The risks of ice sheet melt in Antarctica could include increased volcanic activity there and speed sea-level rise, reports a new study led by Newcastle University.
In 2002, the collapse of the Larson B ice shelf was a wake-up call to those studying climate change. Afterward, researchers used GPS systems to track the response of the mantle to the loss of the massive ice shelf.
The mantle rose, as expected, but by about five times more than researchers could attribute to the loss of billions of tons of ice. And that movement could have implications for active volcanoes in Antarctica, Matt King, who lead the project and is now at the University of Tasmania (UTAS), told The Sydney Morning Herald.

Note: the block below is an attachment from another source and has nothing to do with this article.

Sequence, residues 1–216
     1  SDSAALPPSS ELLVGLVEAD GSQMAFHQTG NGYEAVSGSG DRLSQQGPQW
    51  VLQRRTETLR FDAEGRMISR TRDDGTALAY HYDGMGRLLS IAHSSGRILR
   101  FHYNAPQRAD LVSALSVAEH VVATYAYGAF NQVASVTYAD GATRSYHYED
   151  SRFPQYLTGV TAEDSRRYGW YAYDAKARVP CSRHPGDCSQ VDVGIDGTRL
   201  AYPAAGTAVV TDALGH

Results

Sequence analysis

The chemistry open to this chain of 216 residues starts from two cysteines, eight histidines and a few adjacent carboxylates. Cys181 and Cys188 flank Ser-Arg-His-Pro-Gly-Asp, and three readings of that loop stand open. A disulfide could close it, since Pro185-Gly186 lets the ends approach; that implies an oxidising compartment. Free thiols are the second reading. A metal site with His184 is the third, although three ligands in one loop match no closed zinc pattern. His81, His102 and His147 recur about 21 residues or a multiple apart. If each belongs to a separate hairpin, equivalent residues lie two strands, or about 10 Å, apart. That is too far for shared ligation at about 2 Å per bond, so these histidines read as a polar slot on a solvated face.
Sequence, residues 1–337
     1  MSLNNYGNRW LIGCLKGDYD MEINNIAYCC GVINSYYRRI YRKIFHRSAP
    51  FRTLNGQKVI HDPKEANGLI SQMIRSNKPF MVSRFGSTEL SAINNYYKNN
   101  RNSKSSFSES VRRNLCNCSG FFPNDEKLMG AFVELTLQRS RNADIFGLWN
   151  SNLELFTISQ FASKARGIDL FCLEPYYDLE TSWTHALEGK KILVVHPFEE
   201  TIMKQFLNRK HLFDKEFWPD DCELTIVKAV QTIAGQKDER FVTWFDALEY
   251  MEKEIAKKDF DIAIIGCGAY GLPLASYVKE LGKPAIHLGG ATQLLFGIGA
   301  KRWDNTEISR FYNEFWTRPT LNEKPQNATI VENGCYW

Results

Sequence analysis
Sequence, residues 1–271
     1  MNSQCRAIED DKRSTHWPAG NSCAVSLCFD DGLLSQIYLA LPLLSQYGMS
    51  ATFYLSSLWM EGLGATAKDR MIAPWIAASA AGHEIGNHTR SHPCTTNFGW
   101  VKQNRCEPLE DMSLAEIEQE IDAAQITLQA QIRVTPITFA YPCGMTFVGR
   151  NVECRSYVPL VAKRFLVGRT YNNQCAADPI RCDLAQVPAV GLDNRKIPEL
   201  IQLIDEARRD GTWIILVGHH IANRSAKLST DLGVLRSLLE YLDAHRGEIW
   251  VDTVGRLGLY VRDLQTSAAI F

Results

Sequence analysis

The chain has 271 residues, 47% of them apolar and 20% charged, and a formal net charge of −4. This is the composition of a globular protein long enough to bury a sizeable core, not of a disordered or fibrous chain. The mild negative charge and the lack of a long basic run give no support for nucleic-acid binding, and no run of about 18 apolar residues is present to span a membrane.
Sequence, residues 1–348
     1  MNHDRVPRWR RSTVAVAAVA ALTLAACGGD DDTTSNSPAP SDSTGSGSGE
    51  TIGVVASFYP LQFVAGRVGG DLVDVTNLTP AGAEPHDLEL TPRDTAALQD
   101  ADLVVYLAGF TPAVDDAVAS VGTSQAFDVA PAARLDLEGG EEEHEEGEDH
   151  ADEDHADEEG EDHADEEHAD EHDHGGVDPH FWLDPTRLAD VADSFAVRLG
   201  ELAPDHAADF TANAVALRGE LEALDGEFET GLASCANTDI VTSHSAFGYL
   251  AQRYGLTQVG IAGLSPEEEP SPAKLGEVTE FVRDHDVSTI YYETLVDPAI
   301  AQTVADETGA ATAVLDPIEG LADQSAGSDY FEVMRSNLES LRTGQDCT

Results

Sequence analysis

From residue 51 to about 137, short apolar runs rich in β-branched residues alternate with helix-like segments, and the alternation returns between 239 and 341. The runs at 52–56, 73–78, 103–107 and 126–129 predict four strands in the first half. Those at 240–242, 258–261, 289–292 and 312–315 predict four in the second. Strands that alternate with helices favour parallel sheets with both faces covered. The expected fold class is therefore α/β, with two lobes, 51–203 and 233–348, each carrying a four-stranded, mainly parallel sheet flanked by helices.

“It’s one of the big unknowns: If something starts to happen with one of those volcanoes, our estimates of what sea levels might be like in the future may have a significant revision,” King said. "Fire and ice generally don’t go well together."
“It’s a big ‘if’ -- but if a volcano erupted from underneath the ice sheet, it would dramatically accelerate the ice melt and the flows into the oceans.”
Photo: Mount Erebus' steamy, flaring pit. It's the second-highest volcano in Antarctica (after Mount Sidley). Credit: Nick Powell/National Science Foundation